Downhole Composites Boost Durability, Drillability
Halliburton Energy Services, Schlumberger Oilfield Services, Weatherford International, and Baker Oil Tools, all based in Houston, Texas (U.S.A.), offer composite downhole tools — made with both thermoplastics and thermoset resins — for a variety of applications. Halliburton’s FasDrill packers and plugs
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Halliburton Energy Services, Schlumberger Oilfield Services, Weatherford International, and Baker Oil Tools, all based in Houston, Texas (U.S.A.), offer composite downhole tools — made with both thermoplastics and thermoset resins — for a variety of applications.
Halliburton’s FasDrill packers and plugs have been available since the mid-1980s. “Composite downhole products offer incredible drillability performance, saving the customer hours in rig time and rig cost, particularly offshore where rig rates can be $250,000 per day,” says Halliburton’s Chris Zimmerman.
Baker’s composite expendable tools, such as drillable liner wiper plugs and landing collars, have been used in liner cementing operations, since 1998. Aluminum or other soft metal is the traditional material for these parts, but once the liner has been placed, the collar and wiper plugs must be drilled out. Drilling through metal is a slow process and can lead to excessive vibration in the liner.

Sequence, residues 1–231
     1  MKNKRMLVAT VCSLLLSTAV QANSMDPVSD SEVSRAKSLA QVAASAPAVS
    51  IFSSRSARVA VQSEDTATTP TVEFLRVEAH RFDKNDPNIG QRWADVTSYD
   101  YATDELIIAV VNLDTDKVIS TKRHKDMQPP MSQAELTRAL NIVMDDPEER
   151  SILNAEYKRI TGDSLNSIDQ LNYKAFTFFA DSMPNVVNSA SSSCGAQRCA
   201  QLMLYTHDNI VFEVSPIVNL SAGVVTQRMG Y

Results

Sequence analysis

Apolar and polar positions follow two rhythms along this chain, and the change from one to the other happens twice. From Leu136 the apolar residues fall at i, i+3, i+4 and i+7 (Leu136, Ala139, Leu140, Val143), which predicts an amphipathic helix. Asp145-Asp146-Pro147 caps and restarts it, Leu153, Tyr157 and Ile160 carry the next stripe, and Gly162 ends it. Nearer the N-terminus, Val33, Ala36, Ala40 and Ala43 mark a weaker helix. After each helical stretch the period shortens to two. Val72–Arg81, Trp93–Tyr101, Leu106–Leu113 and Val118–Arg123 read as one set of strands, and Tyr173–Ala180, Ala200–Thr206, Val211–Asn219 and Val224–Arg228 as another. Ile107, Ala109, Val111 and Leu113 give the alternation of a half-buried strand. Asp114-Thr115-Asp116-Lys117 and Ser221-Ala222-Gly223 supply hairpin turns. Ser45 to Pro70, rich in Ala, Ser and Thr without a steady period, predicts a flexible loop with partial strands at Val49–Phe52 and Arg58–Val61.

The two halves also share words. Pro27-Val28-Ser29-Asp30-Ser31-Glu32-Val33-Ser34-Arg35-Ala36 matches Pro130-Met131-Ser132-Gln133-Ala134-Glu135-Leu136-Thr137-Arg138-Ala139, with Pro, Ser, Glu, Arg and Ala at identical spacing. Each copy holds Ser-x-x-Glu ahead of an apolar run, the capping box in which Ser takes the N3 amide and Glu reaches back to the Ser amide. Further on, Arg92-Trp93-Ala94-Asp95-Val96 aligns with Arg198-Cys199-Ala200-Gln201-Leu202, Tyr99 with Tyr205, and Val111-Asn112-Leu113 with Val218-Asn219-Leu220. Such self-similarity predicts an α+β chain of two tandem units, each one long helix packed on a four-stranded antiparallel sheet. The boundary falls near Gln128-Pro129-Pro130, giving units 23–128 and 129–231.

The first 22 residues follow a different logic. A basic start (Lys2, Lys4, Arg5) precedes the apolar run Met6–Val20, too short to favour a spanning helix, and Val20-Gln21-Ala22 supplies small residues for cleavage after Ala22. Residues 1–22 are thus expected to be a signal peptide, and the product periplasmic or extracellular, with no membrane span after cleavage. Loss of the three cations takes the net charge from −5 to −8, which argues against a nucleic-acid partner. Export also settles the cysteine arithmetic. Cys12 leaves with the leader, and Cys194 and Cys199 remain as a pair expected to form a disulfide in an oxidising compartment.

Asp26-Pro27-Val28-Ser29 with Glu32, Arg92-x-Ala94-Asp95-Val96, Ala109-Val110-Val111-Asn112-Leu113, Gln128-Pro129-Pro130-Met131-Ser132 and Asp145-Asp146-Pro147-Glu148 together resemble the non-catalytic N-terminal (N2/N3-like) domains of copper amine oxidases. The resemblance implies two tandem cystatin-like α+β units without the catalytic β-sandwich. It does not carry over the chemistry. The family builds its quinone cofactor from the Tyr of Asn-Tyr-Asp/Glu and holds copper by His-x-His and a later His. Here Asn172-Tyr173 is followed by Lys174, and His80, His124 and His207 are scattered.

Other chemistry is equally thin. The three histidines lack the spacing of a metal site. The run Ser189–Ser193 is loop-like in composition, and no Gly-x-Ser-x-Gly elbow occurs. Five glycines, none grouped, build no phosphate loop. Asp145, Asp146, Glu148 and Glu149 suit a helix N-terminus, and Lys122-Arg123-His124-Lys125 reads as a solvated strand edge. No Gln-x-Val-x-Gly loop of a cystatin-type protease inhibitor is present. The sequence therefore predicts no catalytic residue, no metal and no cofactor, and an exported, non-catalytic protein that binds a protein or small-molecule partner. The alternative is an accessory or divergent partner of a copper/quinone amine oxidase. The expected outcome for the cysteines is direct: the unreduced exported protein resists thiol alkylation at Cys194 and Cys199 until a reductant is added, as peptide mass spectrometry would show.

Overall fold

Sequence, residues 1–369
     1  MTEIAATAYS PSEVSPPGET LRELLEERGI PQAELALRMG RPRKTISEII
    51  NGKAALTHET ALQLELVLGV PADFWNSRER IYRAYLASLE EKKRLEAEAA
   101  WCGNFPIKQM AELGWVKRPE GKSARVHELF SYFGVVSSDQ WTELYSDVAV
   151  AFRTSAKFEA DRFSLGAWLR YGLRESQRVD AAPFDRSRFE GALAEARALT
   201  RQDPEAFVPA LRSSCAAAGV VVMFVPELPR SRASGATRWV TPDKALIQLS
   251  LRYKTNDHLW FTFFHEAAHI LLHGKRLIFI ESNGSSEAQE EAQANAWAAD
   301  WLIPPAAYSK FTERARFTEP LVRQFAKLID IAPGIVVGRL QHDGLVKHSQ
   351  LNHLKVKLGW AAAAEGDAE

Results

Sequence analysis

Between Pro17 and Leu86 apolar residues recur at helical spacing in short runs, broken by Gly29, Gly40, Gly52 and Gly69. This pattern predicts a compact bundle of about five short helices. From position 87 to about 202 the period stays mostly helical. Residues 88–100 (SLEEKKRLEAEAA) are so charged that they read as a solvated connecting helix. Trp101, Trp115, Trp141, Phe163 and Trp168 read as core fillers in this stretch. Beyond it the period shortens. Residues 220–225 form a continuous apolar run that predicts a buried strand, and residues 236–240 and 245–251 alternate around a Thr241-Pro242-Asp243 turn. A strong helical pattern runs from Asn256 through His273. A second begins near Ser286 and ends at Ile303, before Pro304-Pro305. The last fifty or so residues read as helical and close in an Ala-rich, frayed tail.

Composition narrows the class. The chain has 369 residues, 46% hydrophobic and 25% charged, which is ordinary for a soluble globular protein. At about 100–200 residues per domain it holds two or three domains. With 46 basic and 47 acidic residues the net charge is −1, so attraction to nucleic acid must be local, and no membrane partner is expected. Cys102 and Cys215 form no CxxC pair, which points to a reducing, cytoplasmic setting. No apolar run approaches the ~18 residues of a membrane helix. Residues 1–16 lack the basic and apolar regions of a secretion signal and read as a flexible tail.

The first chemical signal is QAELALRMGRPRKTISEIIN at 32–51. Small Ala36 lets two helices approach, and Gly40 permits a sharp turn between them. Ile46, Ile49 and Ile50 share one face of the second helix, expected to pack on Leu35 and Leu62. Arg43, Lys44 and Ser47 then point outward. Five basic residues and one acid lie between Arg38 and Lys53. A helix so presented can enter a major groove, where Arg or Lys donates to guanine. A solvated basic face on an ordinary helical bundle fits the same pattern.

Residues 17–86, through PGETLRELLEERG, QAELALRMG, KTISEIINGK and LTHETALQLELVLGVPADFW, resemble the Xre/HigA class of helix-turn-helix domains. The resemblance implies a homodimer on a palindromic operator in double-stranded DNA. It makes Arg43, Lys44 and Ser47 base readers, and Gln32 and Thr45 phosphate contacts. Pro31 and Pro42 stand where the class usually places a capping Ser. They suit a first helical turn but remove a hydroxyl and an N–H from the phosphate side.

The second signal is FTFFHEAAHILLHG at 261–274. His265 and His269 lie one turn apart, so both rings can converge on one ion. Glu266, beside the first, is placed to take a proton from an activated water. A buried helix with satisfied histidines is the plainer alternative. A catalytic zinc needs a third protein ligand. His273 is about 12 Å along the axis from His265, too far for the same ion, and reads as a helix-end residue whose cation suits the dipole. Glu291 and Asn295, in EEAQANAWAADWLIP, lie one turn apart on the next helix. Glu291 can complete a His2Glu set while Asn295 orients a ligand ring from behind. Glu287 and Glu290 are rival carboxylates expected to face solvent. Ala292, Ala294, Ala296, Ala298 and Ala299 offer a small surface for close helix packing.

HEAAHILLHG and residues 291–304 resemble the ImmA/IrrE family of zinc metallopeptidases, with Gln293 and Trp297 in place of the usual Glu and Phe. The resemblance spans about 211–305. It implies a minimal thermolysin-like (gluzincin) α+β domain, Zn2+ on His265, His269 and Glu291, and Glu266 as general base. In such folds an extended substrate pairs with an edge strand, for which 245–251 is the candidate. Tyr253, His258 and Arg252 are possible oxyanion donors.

Baker’s composite parts are manufactured by filament winding, table rolling and resin transfer molding, using a combination of glass and carbon fiber reinforcement and epoxy resin. The wiper plug incorporates a filament wound glass/epoxy core, a carbon fiber/epoxy “nose,” and circular rubber fins that are molded onto the composite, says Baker’s Jim Goodson.
Weatherford has manufactured a composite bridge plug — a device for isolating a production zone — by filament winding, using glass and high-temperature epoxy resin. Designed for 4.5 inch/11 cm casing, the plug can hold an 8,000 psi/550 bar pressure differential, withstand 250°F/120°C for at least one week and has a drill-up time of less than 30 minutes. According to Bob Badrak, Weatherford’s manager of engineering materials, the fast drill-up and lower density of the material means it can be drilled using a coiled tubing rig, at less cost. Badrak says that more than 100 bridge plugs and frac plugs for 4.5 inch/11 cm casing are currently in service.
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